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Notes from Well House Consultants
These notes are written by Well House Consultants and distributed under their Open Training Notes License. If a copy of this license is not supplied at the end of these notes, please visit http://www.wellho.net/net/whcotnl.html for details.

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1.1 Well House Consultants
Well House Consultants provides niche training, primarily but not exclusively in Open Source programming languages. We offer public courses at our training centre and private courses at your offices. We also make some of our training notes available under our "Open Training Notes" license, such as we’re doing in this document here.

1.2 Open Training Notes License
With an "Open Training Notes License", for which we make no charge, you’re allowed to print, use and disctibute these notes provided that you retain the complete and unaltered license agreement with them, including our copyright statement. This means that you can learn from the notes, and have others learn from them too. You are NOT allowed to charge (directly or indirectly) for the copying or distribution of these notes, nor are you allowed to charge for presentations making any use of them.

1.3 Courses presented by the author
If you would like us to attend a course (Java, Perl, Python, PHP, Tcl/Tk, MySQL or Linux) presented by the author of these notes, please see our public course schedule at http://www.wellho.net/course/index.html If you have a group of 4 or more trainees who require the same course at the same time, it will cost you less to have us run a private course for you. Please visit our onsite training page at http://www.wellho.net/course/otc.html which will give you details and costing information

1.4 Contact Details
Well House Consultants may be found online at http://www.wellho.net graham@wellho.net technical contact lisa@wellho.net administration contact Our full postal address is 404 The Spa Melksham Wiltshire UK SN12 6QL Phone Fax +44 (0) 1225 708225 +44 (0) 1225 707126

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Java Beans
By using set naming conventions for your methods, you can write a Java class that has its functionality defined by the method name. Development environments used by the application programmer who's using your class can then examine your class and provide context-sensitive menus, help, icons etc.

Beanboxes. . . . . . . . . . . . . . . . . . . . . . . . . . . . . . . . . . . . . . . . . . . . . . . . . . 4 Indexed, bound and constrained properties . . . . . . . . . . . . . . . . . . . . . . . . . . 5 Auxiliary classes . . . . . . . . . . . . . . . . . . . . . . . . . . . . . . . . . . . . . . . . . . . . . 5 Sample Beans . . . . . . . . . . . . . . . . . . . . . . . . . . . . . . . . . . . . . . . . . . . . . . . 6 Tools . . . . . . . . . . . . . . . . . . . . . . . . . . . . . . . . . . . . . . . . . . . . . . . . . . . . . 8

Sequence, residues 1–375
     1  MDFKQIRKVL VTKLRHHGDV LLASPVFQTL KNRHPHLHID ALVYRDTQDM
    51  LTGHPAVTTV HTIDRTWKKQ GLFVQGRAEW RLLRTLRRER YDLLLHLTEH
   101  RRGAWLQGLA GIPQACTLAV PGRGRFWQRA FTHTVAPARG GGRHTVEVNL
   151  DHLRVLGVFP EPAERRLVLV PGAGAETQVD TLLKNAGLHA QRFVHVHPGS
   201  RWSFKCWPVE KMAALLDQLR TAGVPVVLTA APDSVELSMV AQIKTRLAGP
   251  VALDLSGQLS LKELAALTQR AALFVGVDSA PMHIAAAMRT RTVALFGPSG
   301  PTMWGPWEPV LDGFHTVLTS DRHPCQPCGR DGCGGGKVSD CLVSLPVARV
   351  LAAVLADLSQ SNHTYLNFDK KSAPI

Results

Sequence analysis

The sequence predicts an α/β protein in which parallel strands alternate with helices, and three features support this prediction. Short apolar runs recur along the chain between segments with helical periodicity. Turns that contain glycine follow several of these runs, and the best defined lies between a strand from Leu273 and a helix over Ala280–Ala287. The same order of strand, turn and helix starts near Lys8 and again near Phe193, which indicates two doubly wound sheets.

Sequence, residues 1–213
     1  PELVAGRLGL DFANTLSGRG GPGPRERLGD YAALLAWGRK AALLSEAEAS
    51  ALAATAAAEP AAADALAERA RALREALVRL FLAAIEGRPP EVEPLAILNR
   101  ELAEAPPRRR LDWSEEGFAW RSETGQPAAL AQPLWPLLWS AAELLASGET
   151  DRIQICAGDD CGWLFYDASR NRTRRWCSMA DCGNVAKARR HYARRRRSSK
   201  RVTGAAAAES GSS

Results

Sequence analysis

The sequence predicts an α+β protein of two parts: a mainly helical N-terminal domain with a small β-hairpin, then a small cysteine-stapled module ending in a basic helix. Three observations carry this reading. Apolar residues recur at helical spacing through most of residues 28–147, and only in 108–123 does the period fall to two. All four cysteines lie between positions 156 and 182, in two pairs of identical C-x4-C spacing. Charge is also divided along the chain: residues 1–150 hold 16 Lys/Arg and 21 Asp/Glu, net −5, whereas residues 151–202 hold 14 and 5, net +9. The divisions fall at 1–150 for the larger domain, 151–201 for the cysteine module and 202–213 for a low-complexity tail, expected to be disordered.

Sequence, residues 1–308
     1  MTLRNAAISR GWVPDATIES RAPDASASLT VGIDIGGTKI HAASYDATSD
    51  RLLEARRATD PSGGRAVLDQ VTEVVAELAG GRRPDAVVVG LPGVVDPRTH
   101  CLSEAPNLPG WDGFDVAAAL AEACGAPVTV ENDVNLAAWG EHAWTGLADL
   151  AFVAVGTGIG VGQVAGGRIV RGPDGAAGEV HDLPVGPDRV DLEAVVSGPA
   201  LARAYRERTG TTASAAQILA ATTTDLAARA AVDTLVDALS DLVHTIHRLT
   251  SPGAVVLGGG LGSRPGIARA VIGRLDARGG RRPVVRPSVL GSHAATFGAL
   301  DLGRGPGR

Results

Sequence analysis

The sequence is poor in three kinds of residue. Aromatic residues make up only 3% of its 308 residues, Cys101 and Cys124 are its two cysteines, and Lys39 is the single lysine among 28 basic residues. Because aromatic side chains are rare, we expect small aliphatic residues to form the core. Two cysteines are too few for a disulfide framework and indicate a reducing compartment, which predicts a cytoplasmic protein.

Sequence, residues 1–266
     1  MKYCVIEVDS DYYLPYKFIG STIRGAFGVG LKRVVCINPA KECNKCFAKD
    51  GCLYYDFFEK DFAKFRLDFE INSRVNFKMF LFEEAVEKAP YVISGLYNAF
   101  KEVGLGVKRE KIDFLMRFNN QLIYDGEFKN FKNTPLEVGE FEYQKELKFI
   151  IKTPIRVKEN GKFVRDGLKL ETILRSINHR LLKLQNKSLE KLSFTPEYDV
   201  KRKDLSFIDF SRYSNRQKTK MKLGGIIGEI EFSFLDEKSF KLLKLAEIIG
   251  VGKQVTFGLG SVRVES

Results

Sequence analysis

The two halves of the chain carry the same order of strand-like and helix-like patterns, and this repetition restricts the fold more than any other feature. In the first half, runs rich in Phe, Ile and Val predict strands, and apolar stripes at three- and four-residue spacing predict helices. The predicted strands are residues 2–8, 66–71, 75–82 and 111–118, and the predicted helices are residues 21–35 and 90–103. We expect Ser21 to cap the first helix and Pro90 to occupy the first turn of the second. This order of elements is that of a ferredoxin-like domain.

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What are beans?
By their nature, applets and graphic classes can’t be developed in a perfect world. They don’t always function exactly as you want the first time. And whilst other people’s classes have a rigid interface defined by object-oriented methods, they may not do what you want, or have some surprising behaviours or bugs in them. Large chunks of code and classes can cause something of a delay in loading the application or applet. That can be frustrating, especially when some of the code loaded might never be used. Examples: • A configuration or preferences menu which, once set and stored, hardly changes. • Interpretation of incoming data where different clients supply the data in different formats. These are some of the shortcomings that Java beans are designed to overcome.

A Java bean is not a class!
Any object which conforms to certain rules may be used as a Java Bean, and indeed all the AWT components in Java 1.1, can be used as beans if you wish. Many beans are AWT components, i.e., things that are visible within your applet or window, but that’s not vital. There are useful things that can be done with beans even if they are not normally visible. As far as the developer of a bean is concerned, beans consist of a number of elements: • The .java and .class files for the bean itself • a BeanInfo class • a Property Editor • a Bean Customizer (You don’t need to define all of them!) The developer of applications that use your beans may find whichever of these you provide useful. The user of an application will not need more than the .class file (packaged in a jar).